Txtr Beagle Has Been Discontinued

Txtr Beagle Has Been Discontinued e-Reading Hardware The German ebook company txtr has never had much luck with hardware.

Their first ereader, the aptly named and innovative txtr Reader, never overcame production and cost issues. It kept being delayed due to production issues and by the time it was ready in late 2010 its price ($400) kept it off the market.

And now it looks like the txtr beagle has suffered a similar fate.

There's been no official announcement, but I have just learned that txtr has updated the product page for the beagle, their 5" smartphone accessory. It has been officially labeled "ausverkauft". Depending on which translation you use that means that the device has either been discontinued or is out of stock. Given the general lack of market success I would bet that the beagle was retired as soon as the last of the remaining stock was sold.

Update: txtr has officially denied that the beagle has been discontinued. But given that it is not available anywhere I don't see that there is a practical difference.

This device launched last October to a lot of fan fare but unfortunately never lived up to the hype. It was pitched as a 10 euro ereader, so naturally the price and its svelte size caught a lot of attention.

Txtr Beagle Has Been Discontinued e-Reading Hardware

Unfortunately that price came with a couple catches. This device was only going to be available as a smartphone accessory, which means that you would probably only be able to get it with a new service contract. The beagle also came with a severe hardware limitation. It simply could not function as a stand alone device; it needed the txtr Android app to convert and transfer ebooks (more details here).

The beagle had a 5" (600x800) screen, Bluetooth, a copious amount of storage and ran on a pair of AA batteries, but what set it apart was what the beagle lacked. It didn't have a card slot, Wifi, or a USB port. These components were left out of the design in part to lower the cost but also to restrict how the beagle could be used.

This device was intended to be a smartphone accessory, so a lot of the excess components were deemed unnecessary. The beagle was supposed to be sold via telecoms, but so far as I now that never happened. Instead txtr ended up having to sell the beagle themselves. It retailed for 59 euros, or about 20 euros less than the Kindle.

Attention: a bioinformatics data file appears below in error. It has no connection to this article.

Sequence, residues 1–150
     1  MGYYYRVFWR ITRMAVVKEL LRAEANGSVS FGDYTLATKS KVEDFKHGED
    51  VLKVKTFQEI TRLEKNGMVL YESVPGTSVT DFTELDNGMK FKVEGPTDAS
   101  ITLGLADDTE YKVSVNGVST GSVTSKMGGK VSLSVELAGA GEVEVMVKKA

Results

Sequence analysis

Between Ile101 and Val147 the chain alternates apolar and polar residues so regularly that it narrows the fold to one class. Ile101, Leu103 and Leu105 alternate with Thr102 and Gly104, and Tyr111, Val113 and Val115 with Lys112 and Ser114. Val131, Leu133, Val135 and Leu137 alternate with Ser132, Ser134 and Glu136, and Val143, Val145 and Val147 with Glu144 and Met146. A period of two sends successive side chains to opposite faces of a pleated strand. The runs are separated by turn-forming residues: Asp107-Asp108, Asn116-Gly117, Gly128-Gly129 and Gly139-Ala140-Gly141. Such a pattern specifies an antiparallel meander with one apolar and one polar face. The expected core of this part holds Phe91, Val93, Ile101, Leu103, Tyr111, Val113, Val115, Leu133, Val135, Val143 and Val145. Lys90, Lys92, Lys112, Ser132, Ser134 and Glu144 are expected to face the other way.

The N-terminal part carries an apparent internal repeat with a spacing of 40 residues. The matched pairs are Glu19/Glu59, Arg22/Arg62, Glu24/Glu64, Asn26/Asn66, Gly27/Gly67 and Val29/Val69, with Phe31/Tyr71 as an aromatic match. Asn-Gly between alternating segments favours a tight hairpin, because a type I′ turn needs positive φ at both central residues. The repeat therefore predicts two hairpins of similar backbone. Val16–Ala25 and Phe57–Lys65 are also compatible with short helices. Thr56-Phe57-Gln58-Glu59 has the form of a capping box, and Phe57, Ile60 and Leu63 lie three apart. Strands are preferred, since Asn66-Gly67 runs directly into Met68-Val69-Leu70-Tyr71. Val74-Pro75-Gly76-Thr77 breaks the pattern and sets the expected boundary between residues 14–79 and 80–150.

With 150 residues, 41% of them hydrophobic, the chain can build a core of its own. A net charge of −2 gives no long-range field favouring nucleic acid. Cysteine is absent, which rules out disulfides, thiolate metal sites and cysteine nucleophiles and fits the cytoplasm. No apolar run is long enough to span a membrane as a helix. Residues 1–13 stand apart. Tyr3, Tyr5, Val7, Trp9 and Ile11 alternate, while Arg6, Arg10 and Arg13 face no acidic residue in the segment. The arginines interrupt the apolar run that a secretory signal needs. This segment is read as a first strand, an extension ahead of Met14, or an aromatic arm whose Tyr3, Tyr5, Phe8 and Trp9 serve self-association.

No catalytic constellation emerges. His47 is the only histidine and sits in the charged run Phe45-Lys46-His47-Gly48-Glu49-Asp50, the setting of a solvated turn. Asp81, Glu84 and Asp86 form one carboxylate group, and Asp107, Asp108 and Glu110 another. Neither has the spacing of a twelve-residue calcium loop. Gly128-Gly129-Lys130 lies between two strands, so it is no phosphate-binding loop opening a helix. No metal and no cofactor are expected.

I have been told that txtr never had much success in selling the beagle, and that by mid-July they had sold fewer than 100 units (seriously). That really comes as no surprise. By the time the beagle hit the market in April 2013 it was no longer the cheapest or the lightest ereader, so consumers didn't buy it.

AlleseBook.de

Nate Hoffelder

View posts by Nate Hoffelder
Nate Hoffelder is the founder and editor of The Digital Reader: He's here to chew bubble gum and fix broken websites, and he is all out of bubble gum. He has been blogging about indie authors since 2010 while learning new tech skills at the drop of a hat. He fixes author sites, and shares what he learns on The Digital Reader's blog. In his spare time, he fosters dogs for A Forever Home, a local rescue group.

6 Comments

  1. fjtorres2 September, 2013

    I’m reminded of the Sony eVilla.
    A similar exercise in designing a product to answer a question nobody was asking.
    In both cases the end result was a bit of crippleware that cost more than the fully functional alternative.

    Reply
  2. cookie2 September, 2013

    Now this is breaking news.

    Reply
  3. Johnny Pearseed3 September, 2013

    This strikes me as an example of a product cooked up by a bunch of managers, without any input by potential users or indeed any knowledge of the world outside of management manuals. It’s almost satisfying to see it fail.

    Reply
    1. zeroguyr10 January, 2015

      you idiot, why do you never understand that textr tried to make a e-reader under 20 $ unlike amazon or sony or google who wants to make you a slave of their product.

      Reply
  4. […] que pour quelques euros de plus, on trouvait des appareils très bien équipés. Selon le site The Digital Reader, Txtr n’avait pas réussi à écouler 100 unités sur son site à la […]

    Reply
  5. Rudolph9 November, 2014

    Fake!

    Reply

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